Dr. Merry Mia-Clamor: A Caring Mother, Doctor for the Poor


MANILA — If he can transform himself into his favorite cartoon hero Ben10, Diego Gabriel will save his mother Dr. Merry Mia-Clamor from the “villains” who detained her in Camp Capinpin.

Dr. Merry Mia-Clamor (Photo courtesy of Council for Health and Development)

Dr. Merry and the rest of the 43 health workers have been detained at Camp Capinpin for more than two weeks now on the basis of what they call trumped-up charges. Since then, they have been subjected to various kinds of torture — a torture that is also inflicted on their families and friends who spend days and nights thinking what the 43 health workers are going through.

Jigs, Dr. Merry’s husband, would tell friends about Diego’s wish to save his mother. It’s a wish that he himself has had since she was taken.

Jigs had hoped that the family would spend the first birthday of their youngest son Paul Andres, nicknamed Pandoy. During a simple celebration of Paul Andres’ birthday at the office of Karapatan in Quezon City on Feb. 19, Jigs told Bulatlat that their children miss their mother so much. Pandoy’s wish on her first birthday was written on his red balloons: “Free my Nanay. Free the 43.”

Jigs proudly said their eldest son, who they fondly call Egoy, has been tough in this struggle that they are going through. “He would look for (Merry) once in a while but he never cried,” Jigs said.

Jigs, Dr. Merry’s husband, with Pandoy, during the child’s birthday party. Printed on the balloon are the words “Free my Nanay. Free the 43.” (Photo by Janess Ann J. Ellao / bulatlat.com)

“Despite Merry’s tight schedule, she always found time to fix our children’s things, from their clothes, to their medicines and their milk,” Jigs said, sharing that his wife’s medical training also made her very keen on the minute details about their children’s health, especially when it comes to their vaccines. When one of the children is sick, “she never sleeps,” Jigs said.

Doctor for the Poor

But aside from being a mother to their children, Merry has become a mother to many poor Filipinos who depend on selfless doctors like her. A consistent honor student, Dr. Merry joined protest actions as member of the League of Filipino Students during her undergraduate years. Later, while she was taking up medicine at the Pamantasan ng Lungsod ng Maynila (PLM), she joined medical missions to urban poor communities. “She always has time for her advocacy as an activist. And she would find the time for it even if if she is very busy,” Jigs said.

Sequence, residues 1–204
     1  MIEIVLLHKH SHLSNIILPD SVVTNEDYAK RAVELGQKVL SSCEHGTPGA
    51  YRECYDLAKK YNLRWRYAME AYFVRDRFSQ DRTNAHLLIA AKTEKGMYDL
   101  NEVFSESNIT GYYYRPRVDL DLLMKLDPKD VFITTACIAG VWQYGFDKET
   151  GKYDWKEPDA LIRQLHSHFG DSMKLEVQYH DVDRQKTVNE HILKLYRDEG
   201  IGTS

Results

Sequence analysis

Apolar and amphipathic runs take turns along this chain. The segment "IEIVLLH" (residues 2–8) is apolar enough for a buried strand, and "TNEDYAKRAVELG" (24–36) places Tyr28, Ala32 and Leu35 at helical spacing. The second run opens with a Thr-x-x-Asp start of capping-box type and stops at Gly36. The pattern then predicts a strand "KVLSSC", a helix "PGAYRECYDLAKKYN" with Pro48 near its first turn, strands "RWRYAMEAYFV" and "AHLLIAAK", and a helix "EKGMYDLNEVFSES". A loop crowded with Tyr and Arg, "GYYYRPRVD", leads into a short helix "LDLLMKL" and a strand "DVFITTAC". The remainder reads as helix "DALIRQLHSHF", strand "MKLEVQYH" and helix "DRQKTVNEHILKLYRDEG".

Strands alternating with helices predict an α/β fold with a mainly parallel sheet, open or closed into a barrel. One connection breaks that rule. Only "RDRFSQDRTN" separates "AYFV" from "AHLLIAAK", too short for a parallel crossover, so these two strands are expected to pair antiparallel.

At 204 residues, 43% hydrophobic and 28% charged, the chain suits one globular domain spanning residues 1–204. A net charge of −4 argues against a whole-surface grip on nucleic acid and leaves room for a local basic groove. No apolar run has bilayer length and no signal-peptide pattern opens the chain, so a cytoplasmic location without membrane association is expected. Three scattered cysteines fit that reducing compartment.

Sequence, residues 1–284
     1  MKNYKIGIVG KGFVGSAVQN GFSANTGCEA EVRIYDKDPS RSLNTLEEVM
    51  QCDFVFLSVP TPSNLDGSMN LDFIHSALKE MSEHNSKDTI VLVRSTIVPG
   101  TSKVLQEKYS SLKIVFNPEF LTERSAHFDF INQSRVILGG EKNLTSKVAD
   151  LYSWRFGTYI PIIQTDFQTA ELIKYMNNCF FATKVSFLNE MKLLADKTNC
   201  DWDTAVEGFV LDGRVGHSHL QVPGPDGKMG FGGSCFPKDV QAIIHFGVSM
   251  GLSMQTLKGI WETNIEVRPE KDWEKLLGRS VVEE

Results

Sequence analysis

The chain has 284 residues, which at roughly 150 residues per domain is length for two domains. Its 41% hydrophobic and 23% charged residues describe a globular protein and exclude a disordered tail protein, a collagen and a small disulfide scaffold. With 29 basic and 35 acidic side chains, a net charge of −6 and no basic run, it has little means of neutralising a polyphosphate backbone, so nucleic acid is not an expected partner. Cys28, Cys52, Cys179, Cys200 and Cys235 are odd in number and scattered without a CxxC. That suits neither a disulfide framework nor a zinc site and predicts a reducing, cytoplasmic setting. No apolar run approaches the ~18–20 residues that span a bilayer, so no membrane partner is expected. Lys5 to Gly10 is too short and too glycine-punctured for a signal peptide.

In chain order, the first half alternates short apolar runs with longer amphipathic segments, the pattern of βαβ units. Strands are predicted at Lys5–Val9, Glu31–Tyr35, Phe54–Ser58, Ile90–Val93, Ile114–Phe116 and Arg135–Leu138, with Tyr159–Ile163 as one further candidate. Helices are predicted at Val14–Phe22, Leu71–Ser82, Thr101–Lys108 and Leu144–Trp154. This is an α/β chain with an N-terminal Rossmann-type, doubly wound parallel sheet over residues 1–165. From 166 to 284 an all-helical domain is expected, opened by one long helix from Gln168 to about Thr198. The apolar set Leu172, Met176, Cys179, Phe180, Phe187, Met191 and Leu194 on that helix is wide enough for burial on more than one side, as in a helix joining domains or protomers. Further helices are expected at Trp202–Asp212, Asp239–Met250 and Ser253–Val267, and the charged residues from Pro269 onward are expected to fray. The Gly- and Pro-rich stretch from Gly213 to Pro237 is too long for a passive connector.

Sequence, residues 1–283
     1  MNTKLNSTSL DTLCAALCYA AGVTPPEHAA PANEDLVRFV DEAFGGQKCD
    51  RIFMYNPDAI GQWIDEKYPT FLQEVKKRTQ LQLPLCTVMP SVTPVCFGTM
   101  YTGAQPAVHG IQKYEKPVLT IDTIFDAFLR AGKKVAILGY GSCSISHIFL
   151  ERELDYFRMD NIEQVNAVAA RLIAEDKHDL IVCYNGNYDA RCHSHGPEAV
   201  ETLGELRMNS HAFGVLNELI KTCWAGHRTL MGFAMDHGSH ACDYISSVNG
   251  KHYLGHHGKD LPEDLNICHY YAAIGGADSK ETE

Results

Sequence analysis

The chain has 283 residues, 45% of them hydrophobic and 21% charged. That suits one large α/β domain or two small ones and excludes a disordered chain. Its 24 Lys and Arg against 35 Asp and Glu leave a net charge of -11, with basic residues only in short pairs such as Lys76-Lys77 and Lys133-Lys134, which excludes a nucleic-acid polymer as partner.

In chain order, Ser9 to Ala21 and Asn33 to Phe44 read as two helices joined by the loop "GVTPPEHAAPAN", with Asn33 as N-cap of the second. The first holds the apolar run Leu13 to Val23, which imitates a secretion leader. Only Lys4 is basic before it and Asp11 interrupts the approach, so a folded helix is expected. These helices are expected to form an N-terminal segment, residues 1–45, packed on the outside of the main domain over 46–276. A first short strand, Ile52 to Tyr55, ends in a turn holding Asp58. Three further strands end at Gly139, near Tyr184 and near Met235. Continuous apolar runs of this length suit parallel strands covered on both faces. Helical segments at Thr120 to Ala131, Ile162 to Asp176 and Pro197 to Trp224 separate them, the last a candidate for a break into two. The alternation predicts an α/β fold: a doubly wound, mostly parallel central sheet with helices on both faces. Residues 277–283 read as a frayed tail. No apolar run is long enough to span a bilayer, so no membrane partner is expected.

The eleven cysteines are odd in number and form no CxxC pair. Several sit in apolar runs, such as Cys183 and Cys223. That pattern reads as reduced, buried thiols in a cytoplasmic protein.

Dr. Merry helps poor patients. (Photo courtesy of the Council for Health and Development)

Right after Dr. Merry passed the board examinations in 2002, she immediately plunged into community medicine through the Community Medicine Development Foundation (Commed). “Merry went to remote areas to attend to the health needs of the people there,” Jigs said.

During the latter part of 2003, Dr. Merry practiced medicine at Sta. Monica Hospital in Marikina. She became a member of the Council for Health and Development (CHD) in 2004 and eventually became the director of the Health Education, Training and Services (HETS) Department of the council. Her colleagues at the CHD admire her innate interest to go to different far-flung communities in the country to serve the poor.

Dr. Merry shackled to a soldier on the way to the Court of Appeals last month. (Photo by Raymund Villanueva / bulatlat.com)

Jigs said one of Dr. Merry’s turning points in life was her trip to Cuba in October 2005 where she joined an exchange program. “She was amazed by how health care was delivered in Cuba,” Jigs said, “She told me that in Cuba there are polyclinics every 200 meters, they have low mortality rates and free health services.”

Jigs added that Merry was also inspired that Cuban doctors chose to stay and serve their own people despite earning only an average of $20 a month. “In Cuba, it is okay to have not much money because most services are given by their government for free,” Jigs said.

“Even if serving as a community doctor entails time away from her loved ones more often compared to a regular clinic-based practice, Merry opted to stay because she knows she can do a lot to help and contribute in empowering the people and improving the state of health,” the CHD said in a statement.

“But what she loved most was training health workers,” Jigs said, adding that Dr. Merry spent many nights preparing for the training in Morong. “I am very supportive of her cause because I know that Dr. Merry wants to help people.” (Bulatlat.com)

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